North Sea Crossing to Denmark


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In early October, we made a 180-mile overnight crossing of the North Sea from Stavanger, Norway to Thyboron, Denmark. We’d had an incredible five months in Norway and wish we could have stayed for a year or more. The North Sea has a fearsome reputation, but we had a blissfully easy run with winds less than twenty knots and seas on the stern most of the way.

Below are trip highlights from October 5th and 6th en route from Stavanger, Norway to Thyboron, Denmark. Click any image for a larger view, or click the position to view the location on a map. And a live map of our current route and most recent log entries always is available at mvdirona.com/maps

10/5/2018
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Leaving Norway

Departing Stavanger, and Norway, en route to Denmark.
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Rowan Stavanger

The jack-up rig Rowan Stavanger moored off Stavanger.
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Stril Luna

The multi-purpose offshore supply vessel Stril Luna moored with the platform supply vessel Viking Queen north of Stavanger.
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Far Sygna

Far Sygna underway north of Stavanger. Norway sure has a lot of impressive-looking offshore supply vessels.
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Feistein Fyr Lighthouse

The 85ft (26m) Feistein Fyr lighthouse was established in 1859 and automated in 1990.
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Conditions

With westerly winds and seas, we were pitching up to 10° as we turned southwest. Now that we’re heading more southeasterly, the seas are on the beam and the aft starboard quarter. Pitching and since reduced and we’re now rolling up to 13°, but that is much more manageable and comfortable. Conditions are forecast to settle down as we get farther from the Norwegian coast. We continue to appreciate our ABT stabilizers.
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With Harvest

The 229ft (70m) cargo vessel With Harvest bucking into the seas. I guess it is rough out here.
10/6/2018
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Conditions

As expected, conditions have settled down considerably and we’re now pitching only 3.4° and rolling 6.7°, much nicer. This should last all the way to Denmark.
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Norway Courtesy Flag

Lowering our Norwegian courtesy flag. That’s been up a while.
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Denmark Courtesy Flag

And raising our Danish courtesy flag. We’re almost across the North Sea.
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Calm

Wonderfully calm conditions as we approach Denmark, not far from the site of the the World War I Battle of Jutland.
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Spitfire

Spitfire rarely treats ocean-crossing with the respect they deserve.
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Thyboron Kanal

Entering the Thyboron Kanal. The channel feels wide and easy to run, but even in these calm conditions the waves are picking up through the shallow bar entry. This feels like a place to avoid in heavy weather.
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Thyboron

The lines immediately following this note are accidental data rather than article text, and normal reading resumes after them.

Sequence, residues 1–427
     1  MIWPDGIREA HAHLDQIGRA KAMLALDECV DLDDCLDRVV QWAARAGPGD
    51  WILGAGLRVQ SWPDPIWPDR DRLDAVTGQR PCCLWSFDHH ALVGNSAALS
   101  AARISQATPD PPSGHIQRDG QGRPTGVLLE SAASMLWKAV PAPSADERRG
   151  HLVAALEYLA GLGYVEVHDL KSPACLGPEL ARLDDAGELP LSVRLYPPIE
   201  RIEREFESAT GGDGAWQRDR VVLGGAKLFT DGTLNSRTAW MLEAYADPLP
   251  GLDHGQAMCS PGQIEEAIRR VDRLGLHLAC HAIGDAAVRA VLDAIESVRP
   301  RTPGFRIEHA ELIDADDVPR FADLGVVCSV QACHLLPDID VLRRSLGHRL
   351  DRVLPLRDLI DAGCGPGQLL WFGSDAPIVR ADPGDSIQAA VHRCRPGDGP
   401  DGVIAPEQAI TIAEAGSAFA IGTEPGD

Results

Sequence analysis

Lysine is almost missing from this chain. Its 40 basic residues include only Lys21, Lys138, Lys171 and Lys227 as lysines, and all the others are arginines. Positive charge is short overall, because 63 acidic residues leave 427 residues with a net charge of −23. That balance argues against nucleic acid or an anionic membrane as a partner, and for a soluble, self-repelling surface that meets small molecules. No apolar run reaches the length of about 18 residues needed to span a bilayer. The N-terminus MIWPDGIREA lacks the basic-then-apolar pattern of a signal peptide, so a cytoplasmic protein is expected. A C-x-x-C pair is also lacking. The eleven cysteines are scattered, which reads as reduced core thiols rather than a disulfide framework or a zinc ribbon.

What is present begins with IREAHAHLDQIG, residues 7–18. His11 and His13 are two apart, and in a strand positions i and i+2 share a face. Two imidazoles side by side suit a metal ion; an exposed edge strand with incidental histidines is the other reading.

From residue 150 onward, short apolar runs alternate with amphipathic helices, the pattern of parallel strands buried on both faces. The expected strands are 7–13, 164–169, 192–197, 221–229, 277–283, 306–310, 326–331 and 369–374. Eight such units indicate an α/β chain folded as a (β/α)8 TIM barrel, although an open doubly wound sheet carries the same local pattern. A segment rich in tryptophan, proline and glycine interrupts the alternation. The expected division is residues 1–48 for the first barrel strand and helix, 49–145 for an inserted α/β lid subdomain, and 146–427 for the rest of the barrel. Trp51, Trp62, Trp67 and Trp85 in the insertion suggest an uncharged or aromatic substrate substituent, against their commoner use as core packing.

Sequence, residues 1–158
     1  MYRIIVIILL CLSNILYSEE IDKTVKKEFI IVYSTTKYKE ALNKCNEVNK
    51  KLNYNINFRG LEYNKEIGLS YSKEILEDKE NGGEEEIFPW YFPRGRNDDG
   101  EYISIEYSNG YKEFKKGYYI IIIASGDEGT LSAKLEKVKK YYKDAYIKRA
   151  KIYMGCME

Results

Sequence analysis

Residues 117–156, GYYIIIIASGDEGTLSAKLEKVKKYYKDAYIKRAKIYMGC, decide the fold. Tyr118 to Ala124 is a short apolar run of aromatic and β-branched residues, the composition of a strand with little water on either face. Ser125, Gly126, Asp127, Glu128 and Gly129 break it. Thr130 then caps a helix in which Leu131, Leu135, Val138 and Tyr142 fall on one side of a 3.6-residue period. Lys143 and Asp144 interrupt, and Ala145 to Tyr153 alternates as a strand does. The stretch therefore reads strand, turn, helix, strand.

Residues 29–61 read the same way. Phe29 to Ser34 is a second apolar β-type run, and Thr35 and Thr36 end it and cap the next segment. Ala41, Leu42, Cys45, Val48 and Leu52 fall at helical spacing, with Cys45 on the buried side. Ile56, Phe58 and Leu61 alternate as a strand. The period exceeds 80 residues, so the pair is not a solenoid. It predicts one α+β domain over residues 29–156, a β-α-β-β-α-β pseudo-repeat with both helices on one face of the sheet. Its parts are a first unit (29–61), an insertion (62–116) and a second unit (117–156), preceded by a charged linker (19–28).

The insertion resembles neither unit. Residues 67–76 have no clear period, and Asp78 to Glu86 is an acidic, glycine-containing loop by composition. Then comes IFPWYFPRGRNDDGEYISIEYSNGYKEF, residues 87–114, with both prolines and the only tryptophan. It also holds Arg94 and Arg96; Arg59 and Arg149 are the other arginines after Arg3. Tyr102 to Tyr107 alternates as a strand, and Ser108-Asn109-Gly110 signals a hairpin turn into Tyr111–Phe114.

Our first view to Thyboron, where we’ll make landfall in Denmark.
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Port of Thyboron

Entering the large Port of Thyboron, full of commercial boats.
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Moored

Dirona moored at the Thyboron yacht harbour, Denmark. The marina is closed for the winter, so there’s no power, but there’s also no charge for moorage. As with entering Norway, we don’t have to complete any clearance formalities. We’re already cleared into the border-free Schengen area, so don’t require immigration clearance. Spitfire’s Pet Passport is sufficient for him to enter. And if we don’t have anything to declare, we don’t need to clear through with customs either.

Also, the EU “Roam Like at Home” rule means our existing cellular data plan works in Denmark the same as in Norway. We had cellular coverage as soon as we were in range of the Danish coast and don’t need to immediately purchase a local SIM card.

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Sand

Jennifer standing in front of a high breakwater with piles of sand inside. The waves must really crack over these massive structures in storms.
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Fishing Vessels

A few of the many large fishing vessels moored at the Port of Thyboron.
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Train

Train coming into Thyboron.
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Havanna Pizza

Picking up a delicious take-out pizza from Havanna Pizza in Thyboron. While waiting, we had a great discussion with the proprietor, ranging from citizenship and travel to the world-wide price of pizza.

Show locations on map Click the travel log icon on the left to see these locations on a map, with the complete log of our cruise.

On the map page, clicking on a camera or text icon will display a picture and/or log entry for that location, and clicking on the smaller icons along the route will display latitude, longitude and other navigation data for that location. And a live map of our current route and most recent log entries always is available at mvdirona.com/maps.

 
 


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